A departure from status quo is long overdue in the proliferation of Nollywood videos in the film market. According to the latest United Nation’s report, “The cinema of Nigeria grew quickly in the 1990s and 2000s to become the second largest film industry in the world in terms of number of annual film productions, placing it ahead of the United States and behind the Indian film industry.”
Nollywood is estimated to be a $500-million industry even without the aid of government. That is not a cause for applause. The quality of the movies produced is relatively poor with the odds of poor funding and effects of the failed power sector.
Still, a lot can change if the Nigerian government can explore the movie industry with the same zest incurred in the nation’s oil exploration. Let Nigeria call it Nollywood Project. It will be a melting pot of talents drawn from the streets, the academia and the diaspora.
What will be the unifying factor is the will to make a change. Every class of talent must have a substantial contribution to this network of change. The Nigerian screen awaits a renaissance of the comedy industry that the legendary King of Nigerian Comedy Moses Olaiya a.k.a. Baba Sala initiated.
It is a type of comedy that is devoid of the use of debased language that is now popular in the contemporary works of our new generation of comedians. Imagine how a movie scene where a new generation actor like Bayo Bankole, assumes the role of Baba Sala.
Moses Olaiya can also get royalties from the sale of his patent rights of his “Baba Sala” character to moviemakers and even advertising agencies who may find his artistic creation handy. That is a better prospect for a Nollywood artiste to anticipate rather than placing such great innovators on monthly stipends to mollify the pain of their impoverished later years in life.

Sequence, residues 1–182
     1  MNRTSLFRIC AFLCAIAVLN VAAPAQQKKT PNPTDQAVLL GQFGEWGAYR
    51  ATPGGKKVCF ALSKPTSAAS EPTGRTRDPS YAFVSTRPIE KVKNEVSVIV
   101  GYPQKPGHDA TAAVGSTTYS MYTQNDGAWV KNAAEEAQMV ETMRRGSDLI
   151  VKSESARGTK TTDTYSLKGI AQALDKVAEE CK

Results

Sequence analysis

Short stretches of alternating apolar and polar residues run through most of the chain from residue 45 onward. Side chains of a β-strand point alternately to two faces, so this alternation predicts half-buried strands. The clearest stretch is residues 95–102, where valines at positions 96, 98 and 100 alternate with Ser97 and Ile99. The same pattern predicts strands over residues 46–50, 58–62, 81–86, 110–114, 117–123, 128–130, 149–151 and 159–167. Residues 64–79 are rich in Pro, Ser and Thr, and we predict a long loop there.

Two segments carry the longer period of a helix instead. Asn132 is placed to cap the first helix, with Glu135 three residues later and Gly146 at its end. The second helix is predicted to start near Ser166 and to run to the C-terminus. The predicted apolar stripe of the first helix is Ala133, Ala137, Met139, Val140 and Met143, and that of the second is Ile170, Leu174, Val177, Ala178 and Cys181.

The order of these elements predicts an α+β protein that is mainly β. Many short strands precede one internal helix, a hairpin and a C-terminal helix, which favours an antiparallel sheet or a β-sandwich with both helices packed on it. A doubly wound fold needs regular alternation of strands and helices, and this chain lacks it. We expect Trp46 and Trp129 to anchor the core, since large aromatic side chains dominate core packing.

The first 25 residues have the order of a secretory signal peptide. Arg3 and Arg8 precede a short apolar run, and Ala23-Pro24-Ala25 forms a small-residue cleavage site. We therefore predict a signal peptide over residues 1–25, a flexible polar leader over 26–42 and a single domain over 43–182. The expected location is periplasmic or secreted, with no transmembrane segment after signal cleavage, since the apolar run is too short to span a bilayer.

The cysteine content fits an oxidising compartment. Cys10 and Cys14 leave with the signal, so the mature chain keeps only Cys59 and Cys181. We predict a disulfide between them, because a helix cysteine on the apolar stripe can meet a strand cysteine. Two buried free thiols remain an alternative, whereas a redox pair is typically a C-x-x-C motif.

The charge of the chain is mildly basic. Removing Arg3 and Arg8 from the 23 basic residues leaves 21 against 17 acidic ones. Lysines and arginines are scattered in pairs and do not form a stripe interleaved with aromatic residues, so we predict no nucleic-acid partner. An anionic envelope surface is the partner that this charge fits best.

Nollywood has a great potential of ending some of the major problems plaguing the Nigerian populace. One of such is unemployment.
Some Nollywood stars have established art foundations to train and develop new talents for the industry. Still, the government can move a step further, revisiting the syllabi of tertiary institutions where drama, theatre and performing arts are taught as courses.
Emphasis should be laid on making graduates of these courses entrepreneurs who will in turn decongest the labour market upon their graduation. This can be done where materials, equipments and facilities for learning are lifted from the glossy pages of the recommended foreign textbooks to the workshop and studio where they belong.
More schools of art that would be practical-oriented should be created for such purposeful learning. Ballet and music lessons, arts and crafts, make up, costume designs and management and other lucrative aspects of the industry can be included.
The Nigerian government needs to zoom-in on all these areas in the Nollywood industry, making provisions for outstanding talents to acquire sophisticated equipments on lease or by government aid and grants.
Organising special nationwide arts talent competitions can also heighten creativity. Winners can be given the opportunity to train abroad in their areas of specialisation and bring home the honour that the world number two movie industry really deserves.
The point is education is a vital key to developing Nollywood to an acceptable standard. That is the Nollywood project.